Non-cash Christmas gifts cost less than £50 an item can be considered as ‘trivial benefits’.
As the calendar year comes to an end and Christmas approaches, many small business owners in the festive spirit enjoy giving a token of appreciation to the team members. But before you go and splash out, here are the tax rules you need to be aware of.
- Cash or vouchers which can be converted to cash are not considered as trivial benefits. They are subject to tax and National Insurance.
- Christmas gifts that are less than £50 per head (inclusive of VAT), not considered as a reward for their work or performance, and not stated in the terms of their contract, can be considered as trivial benefits. In this case, they are exempted from tax and National Insurance.
Christmas gift examples
Some thoughtful Christmas gifts that are below the £50 mark and can be considered as trivial benefits include:
- Something traditional: a bottle of wine or a box of chocolate
- Something more personalised: a scarf, a pair of gloves or a personalised mug
- Something popular like small electrical items, anything from portable power banks for phones to adapters.
What about Christmas bonuses?
HMRC is clear on Christmas bonuses – any cash you give to employees as a Christmas bonus means earnings. This means you have to add the value of the bonus to your employee’s other earnings, pay PAYE tax and also National Insurance through payroll.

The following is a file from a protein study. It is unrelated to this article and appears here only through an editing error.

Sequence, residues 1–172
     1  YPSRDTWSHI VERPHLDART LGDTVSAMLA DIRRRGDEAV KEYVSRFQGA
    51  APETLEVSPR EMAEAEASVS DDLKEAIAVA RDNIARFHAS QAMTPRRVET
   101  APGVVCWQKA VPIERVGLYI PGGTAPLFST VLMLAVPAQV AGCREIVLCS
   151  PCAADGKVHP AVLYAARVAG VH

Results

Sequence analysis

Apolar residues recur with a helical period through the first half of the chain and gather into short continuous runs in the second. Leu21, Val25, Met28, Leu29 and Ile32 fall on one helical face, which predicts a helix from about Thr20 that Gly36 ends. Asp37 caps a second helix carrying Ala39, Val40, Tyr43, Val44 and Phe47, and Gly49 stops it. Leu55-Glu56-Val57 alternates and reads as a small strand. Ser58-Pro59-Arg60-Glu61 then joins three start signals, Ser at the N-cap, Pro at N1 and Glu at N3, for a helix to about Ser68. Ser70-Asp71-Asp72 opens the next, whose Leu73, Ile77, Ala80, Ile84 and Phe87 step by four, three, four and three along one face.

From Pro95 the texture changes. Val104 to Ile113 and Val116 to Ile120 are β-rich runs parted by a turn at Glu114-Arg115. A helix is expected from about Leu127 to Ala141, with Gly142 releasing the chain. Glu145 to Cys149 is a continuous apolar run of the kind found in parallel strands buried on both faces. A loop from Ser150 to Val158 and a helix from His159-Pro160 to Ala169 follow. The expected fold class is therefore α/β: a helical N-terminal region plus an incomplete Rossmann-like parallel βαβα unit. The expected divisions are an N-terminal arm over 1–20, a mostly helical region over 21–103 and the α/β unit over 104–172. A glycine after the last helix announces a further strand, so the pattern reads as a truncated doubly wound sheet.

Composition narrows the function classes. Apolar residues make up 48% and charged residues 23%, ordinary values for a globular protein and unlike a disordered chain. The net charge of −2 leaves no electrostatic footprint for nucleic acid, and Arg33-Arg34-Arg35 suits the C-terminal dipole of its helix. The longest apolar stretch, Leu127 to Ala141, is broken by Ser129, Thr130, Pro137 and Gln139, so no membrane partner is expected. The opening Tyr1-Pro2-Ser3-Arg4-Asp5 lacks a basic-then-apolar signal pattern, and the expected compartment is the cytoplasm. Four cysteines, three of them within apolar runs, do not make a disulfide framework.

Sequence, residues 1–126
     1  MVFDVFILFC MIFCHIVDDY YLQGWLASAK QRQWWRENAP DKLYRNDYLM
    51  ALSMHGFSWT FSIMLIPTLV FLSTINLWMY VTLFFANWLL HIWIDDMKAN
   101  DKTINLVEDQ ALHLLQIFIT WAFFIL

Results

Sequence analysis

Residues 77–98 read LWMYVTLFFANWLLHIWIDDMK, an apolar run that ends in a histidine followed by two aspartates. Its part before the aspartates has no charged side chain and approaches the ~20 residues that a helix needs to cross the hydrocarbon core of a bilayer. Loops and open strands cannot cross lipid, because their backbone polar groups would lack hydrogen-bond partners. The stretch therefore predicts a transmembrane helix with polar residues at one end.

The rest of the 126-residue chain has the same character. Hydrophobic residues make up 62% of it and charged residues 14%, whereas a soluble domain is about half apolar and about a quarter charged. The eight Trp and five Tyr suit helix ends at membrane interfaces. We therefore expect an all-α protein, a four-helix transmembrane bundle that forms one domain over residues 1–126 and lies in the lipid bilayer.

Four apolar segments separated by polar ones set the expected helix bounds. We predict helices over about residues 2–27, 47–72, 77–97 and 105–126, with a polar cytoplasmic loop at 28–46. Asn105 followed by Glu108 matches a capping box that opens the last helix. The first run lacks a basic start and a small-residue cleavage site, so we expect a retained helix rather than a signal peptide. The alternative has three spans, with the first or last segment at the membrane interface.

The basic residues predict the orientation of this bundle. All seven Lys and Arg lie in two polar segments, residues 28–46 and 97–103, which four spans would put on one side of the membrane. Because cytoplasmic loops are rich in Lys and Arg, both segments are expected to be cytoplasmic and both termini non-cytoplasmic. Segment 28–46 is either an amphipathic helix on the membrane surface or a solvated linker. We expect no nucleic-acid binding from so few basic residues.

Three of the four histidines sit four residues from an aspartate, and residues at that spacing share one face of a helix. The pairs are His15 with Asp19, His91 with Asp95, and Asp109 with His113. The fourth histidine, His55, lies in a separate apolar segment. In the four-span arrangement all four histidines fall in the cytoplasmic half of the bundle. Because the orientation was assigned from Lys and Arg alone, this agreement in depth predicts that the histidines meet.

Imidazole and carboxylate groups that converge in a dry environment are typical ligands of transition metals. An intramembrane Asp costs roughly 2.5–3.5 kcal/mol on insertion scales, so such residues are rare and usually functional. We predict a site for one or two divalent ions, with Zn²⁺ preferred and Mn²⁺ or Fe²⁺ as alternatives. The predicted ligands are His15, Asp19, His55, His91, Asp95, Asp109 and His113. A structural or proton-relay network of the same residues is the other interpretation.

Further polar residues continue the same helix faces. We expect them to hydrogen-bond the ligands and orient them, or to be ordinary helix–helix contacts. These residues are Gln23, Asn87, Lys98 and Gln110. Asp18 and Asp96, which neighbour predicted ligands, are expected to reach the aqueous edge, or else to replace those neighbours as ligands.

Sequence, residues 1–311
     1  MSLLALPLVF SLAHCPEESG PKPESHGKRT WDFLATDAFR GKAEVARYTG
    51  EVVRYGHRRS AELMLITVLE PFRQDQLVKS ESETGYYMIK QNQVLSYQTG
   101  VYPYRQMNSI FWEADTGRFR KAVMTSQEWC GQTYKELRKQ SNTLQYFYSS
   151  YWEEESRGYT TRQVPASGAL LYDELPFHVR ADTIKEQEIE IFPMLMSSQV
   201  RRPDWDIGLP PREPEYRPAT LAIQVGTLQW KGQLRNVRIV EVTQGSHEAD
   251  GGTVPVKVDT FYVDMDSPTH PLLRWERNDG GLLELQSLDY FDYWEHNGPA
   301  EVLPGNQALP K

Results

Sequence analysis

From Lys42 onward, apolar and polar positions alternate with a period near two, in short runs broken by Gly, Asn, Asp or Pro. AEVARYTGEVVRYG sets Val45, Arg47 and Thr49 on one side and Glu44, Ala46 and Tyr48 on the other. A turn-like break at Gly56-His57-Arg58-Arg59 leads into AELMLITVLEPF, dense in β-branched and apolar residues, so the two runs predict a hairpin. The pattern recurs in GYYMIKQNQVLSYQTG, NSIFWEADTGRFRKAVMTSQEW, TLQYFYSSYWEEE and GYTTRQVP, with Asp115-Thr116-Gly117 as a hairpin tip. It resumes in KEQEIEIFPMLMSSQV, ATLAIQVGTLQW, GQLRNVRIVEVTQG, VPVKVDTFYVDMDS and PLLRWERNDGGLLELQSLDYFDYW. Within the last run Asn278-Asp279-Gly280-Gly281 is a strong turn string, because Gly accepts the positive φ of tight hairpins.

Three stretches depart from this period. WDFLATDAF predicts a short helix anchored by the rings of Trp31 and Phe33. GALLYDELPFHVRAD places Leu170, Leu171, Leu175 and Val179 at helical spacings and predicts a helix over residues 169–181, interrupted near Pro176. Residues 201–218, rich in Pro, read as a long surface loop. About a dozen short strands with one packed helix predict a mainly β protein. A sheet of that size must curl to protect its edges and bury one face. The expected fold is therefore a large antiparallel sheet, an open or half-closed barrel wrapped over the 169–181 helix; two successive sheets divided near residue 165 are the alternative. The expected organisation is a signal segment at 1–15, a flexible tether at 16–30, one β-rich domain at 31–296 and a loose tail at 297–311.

What about gifts from a third-party?
It is possible for your employees to receive gifts from a third party. For example, you run a bakery and your employees may receive a gift from a flour manufacturer. The gift can be cash, vouchers, cheques or items. What you have to report to HMRC depends on what kind of third-party reward your employee receives and whether you are involved in arranging the reward.
The rule of thumb is that if the cash or vouchers are involved, the third-party must deduct PAYE from the reward and you must deduct National Insurance on the combined value of the reward and the PAYE tax paid on it by the third party.
For non-cash goods, the third-party must account for the tax due on the reward and pay tax and National Insurance. However, if you are involved in arranging the reward, the third party will pay for the tax due and you are responsible for the National Insurance.
As this can get complicated quickly, the best approach is to talk to your tax accountant.
Tax Agility can handle your taxes
At Tax Agility, our small business accountants can provide tax advice concerning Christmas gifts and trivial benefits to all small business owners in London, Richmond and Putney. You can count on us to provide honest tax advice pertaining to:
- Corporate tax
- Employers’ PAYE
- National Insurance
- Business rates
- Income tax (for directors and shareholders)
Give us a call today on 020 8108 0090 or get in touch with us via our contact page to arrange a free, no obligation meeting.
If you enjoyed this article, you might also be interested in:
- Tax rules for staff parties and annual events
- Accounting tips for small business
- Small business: managing rising costs
This post is intended to provide information of general interest about current business issues. It should not replace professional advice tailored to your specific circumstances.